“No one ever gets talker’s block. No one wakes up in the morning, discovers he has nothing to say, and sits quietly, for days or weeks, until the muse hits, until the moment is right, until all the craziness in his life has died down.” – Seth Godin, “The Icarus Deception”
The above quote was posted by a friend on Facebook recently. My initial reaction upon reading it was that I had the simple explanation. I responded that the reason this is so is because people think that the spoken word is more fleeting, less permanent than the written word. It comes out of your mouth, then disappears into the air unnoticed to anyone out of earshot. I argued that this was not so. Speech was not more fleeting. Thoughts cause it, and it causes actions. In this way, each of the three are equally potent.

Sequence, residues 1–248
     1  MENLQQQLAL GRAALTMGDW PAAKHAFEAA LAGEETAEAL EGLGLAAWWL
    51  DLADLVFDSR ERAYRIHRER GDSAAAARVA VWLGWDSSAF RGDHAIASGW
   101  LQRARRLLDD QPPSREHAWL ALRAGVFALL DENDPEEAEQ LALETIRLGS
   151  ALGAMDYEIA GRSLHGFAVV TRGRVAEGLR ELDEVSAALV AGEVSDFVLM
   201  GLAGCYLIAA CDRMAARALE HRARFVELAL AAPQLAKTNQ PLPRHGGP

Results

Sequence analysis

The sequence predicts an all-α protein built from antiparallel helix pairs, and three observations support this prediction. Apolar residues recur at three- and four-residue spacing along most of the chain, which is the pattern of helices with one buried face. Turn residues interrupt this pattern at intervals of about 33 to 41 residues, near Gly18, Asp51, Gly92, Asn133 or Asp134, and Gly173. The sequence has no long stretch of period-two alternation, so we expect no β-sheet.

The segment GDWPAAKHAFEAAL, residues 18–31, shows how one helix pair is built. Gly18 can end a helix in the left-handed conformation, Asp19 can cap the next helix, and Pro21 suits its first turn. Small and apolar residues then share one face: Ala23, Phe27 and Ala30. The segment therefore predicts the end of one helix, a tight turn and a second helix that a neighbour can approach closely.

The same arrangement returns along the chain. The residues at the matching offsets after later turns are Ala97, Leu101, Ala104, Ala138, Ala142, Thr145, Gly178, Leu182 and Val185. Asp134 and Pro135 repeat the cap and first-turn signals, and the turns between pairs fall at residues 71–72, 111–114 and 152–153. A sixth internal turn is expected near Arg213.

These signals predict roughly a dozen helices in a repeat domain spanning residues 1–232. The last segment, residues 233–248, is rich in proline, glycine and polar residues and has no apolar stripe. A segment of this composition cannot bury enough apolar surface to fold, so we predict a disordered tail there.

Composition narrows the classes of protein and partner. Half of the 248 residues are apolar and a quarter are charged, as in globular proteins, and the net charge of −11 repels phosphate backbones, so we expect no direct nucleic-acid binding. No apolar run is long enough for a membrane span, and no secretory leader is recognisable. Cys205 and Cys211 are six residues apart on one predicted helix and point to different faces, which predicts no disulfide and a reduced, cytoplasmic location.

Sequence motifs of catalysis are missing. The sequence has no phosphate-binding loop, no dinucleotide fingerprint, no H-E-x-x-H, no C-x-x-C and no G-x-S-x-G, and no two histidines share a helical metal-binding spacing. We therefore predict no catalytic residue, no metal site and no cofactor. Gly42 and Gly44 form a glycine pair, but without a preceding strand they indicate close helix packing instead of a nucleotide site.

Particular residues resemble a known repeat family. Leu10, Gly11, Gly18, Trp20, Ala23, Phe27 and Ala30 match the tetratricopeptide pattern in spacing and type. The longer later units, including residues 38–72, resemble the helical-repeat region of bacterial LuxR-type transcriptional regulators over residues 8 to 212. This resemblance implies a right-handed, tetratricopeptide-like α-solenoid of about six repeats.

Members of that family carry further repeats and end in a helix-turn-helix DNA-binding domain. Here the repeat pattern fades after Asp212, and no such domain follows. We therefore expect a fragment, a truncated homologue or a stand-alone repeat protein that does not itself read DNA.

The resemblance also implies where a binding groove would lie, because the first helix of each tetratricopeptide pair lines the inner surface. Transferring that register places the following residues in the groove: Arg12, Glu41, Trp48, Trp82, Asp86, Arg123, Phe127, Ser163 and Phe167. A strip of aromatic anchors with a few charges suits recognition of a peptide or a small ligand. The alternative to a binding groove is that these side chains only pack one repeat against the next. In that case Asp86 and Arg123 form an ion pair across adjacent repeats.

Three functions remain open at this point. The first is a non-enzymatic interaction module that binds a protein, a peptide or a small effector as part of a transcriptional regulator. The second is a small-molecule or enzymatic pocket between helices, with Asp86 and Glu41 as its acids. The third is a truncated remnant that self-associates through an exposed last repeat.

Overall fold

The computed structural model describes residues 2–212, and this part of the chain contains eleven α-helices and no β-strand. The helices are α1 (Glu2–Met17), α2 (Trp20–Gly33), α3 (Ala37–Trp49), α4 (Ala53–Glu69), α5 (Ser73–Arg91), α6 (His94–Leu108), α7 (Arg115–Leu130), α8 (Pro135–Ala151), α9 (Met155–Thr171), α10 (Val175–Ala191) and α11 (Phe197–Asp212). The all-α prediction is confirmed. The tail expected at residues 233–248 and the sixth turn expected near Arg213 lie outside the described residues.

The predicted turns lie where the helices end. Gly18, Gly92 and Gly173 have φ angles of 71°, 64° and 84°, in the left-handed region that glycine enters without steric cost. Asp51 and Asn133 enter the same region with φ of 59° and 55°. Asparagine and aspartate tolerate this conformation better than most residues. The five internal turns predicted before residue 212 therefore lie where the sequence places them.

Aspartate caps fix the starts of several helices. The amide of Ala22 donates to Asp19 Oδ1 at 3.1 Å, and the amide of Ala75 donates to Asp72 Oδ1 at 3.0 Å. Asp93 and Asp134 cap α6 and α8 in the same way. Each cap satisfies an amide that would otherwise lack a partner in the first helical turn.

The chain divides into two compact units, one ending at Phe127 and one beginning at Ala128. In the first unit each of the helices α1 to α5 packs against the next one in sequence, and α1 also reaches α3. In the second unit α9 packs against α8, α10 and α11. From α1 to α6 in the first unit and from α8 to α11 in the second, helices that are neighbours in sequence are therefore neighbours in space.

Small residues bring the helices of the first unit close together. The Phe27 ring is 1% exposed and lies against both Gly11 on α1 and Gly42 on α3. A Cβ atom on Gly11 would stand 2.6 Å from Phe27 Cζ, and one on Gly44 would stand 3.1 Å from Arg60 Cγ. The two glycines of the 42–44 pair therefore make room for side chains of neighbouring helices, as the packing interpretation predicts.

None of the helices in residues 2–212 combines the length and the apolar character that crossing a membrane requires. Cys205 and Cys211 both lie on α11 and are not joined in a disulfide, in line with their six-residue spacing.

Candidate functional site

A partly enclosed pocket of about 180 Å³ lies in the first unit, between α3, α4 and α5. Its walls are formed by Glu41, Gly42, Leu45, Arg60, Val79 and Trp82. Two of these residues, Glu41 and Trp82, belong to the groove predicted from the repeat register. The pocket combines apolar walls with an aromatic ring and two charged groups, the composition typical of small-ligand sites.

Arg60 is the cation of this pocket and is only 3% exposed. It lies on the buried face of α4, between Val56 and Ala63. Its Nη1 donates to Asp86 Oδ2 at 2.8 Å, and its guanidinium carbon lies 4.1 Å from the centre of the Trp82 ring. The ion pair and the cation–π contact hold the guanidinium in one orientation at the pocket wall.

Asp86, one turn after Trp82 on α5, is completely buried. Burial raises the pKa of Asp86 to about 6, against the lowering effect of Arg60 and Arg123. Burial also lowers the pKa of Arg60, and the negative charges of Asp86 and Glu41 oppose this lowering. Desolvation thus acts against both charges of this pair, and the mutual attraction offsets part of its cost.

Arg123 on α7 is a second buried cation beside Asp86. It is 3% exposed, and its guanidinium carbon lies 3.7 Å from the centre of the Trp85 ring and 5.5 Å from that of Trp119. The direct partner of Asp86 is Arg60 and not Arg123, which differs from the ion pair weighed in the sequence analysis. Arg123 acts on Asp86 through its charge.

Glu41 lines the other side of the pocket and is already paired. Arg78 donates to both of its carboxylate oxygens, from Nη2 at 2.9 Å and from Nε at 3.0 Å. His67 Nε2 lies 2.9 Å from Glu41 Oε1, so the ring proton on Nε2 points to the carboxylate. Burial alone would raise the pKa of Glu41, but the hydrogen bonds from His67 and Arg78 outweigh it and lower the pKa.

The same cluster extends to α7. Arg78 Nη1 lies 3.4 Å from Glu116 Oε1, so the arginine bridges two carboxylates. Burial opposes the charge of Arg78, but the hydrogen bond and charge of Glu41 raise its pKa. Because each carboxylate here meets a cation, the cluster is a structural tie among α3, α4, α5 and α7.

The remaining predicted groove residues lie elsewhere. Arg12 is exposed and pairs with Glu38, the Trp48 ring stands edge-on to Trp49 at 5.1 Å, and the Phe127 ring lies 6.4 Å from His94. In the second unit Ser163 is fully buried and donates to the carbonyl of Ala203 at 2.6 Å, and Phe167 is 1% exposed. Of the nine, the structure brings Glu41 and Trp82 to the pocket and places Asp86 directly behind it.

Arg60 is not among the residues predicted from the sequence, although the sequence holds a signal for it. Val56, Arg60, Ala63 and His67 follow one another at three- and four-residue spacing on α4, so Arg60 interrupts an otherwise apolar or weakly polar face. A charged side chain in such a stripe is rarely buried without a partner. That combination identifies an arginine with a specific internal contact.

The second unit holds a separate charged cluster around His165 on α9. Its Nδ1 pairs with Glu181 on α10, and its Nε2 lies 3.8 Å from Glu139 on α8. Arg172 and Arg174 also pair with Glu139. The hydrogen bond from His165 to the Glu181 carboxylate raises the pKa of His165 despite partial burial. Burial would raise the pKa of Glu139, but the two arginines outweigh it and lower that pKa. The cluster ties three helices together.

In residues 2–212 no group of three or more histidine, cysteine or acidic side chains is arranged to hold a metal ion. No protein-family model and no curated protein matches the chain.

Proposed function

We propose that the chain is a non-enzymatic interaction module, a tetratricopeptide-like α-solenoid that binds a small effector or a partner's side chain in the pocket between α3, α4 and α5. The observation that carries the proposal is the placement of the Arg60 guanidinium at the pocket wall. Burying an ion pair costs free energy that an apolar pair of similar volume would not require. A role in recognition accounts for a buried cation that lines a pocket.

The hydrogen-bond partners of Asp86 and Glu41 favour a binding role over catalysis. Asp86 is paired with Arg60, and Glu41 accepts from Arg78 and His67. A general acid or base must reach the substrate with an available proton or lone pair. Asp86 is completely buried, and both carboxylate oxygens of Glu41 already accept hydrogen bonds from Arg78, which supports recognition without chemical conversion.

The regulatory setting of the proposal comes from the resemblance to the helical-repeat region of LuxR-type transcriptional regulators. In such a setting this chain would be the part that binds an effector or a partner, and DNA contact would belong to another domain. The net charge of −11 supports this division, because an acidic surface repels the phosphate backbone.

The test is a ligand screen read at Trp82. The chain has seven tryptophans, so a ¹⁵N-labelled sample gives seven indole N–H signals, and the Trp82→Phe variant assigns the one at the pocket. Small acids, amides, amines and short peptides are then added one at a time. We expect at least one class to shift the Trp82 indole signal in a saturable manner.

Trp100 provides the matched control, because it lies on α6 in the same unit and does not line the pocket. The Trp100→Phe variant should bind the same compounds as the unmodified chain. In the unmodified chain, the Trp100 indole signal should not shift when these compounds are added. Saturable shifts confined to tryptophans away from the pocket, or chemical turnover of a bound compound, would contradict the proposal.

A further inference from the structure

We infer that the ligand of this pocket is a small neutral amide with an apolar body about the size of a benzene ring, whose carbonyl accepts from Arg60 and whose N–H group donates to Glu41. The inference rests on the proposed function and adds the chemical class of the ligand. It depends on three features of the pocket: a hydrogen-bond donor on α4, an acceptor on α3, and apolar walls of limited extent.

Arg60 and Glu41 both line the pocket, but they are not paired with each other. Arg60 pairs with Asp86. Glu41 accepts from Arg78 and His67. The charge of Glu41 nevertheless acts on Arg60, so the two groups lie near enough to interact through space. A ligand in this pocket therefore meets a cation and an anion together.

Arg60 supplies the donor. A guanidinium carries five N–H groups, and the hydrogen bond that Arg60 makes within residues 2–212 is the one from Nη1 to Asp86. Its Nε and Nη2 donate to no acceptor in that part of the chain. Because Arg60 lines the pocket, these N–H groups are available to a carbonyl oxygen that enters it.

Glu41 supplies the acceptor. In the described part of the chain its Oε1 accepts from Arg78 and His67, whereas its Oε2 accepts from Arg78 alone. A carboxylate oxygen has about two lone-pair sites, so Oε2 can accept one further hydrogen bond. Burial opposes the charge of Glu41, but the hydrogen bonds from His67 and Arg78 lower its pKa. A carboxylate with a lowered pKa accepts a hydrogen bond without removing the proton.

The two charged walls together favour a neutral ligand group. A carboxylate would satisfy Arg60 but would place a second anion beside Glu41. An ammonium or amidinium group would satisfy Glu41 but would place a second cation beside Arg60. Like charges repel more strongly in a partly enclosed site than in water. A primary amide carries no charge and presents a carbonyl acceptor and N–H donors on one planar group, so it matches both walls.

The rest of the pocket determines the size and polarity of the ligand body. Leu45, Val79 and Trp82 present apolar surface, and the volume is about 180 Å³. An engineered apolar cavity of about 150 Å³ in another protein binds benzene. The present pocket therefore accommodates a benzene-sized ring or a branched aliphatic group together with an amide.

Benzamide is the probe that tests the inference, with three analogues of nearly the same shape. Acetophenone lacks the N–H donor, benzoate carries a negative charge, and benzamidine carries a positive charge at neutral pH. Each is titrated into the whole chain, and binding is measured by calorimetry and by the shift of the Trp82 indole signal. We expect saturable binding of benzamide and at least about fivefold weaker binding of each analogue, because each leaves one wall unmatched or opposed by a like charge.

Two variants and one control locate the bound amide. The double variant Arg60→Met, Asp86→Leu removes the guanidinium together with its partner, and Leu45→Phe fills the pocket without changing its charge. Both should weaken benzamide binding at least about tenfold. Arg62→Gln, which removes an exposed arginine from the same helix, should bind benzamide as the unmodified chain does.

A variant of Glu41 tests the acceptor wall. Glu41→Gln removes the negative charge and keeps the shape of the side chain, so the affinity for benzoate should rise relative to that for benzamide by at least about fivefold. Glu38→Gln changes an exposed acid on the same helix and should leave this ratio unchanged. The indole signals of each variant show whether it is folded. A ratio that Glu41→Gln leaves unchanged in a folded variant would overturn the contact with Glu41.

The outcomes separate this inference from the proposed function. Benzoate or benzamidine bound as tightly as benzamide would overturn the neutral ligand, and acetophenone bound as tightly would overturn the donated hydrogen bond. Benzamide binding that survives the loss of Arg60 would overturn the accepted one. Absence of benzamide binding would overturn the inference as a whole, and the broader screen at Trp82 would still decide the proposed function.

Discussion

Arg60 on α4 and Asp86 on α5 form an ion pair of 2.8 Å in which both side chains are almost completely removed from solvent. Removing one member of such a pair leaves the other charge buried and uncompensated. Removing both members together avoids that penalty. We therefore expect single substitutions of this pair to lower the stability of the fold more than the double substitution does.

Though there may be something to this, it can be looked at from a couple of angles:
Firstly, it must be asked how the written word fits into the trichotomy of thoughts, words and actions, as in “Happiness is when what you think, what you say and what you do are in harmony.” Is the written word speech or is it action? According to the American Bill of Rights, the written word fits under “freedom of speech.” It is not action. But it has the power to cause, or incite action. Not that the Founding Fathers were the sages for the ages, the be all and end all of wisdom.
So let’s just say for the sake of argument that writing is “action.” Action is more concrete than “talking, as action is the “end product” in this process. But thoughts remain the most potent because they set the process in motion.
Either way, one would be advised to have talker’s block often, and for long periods of time until they were sure that what they were about to say were in line with their true feelings.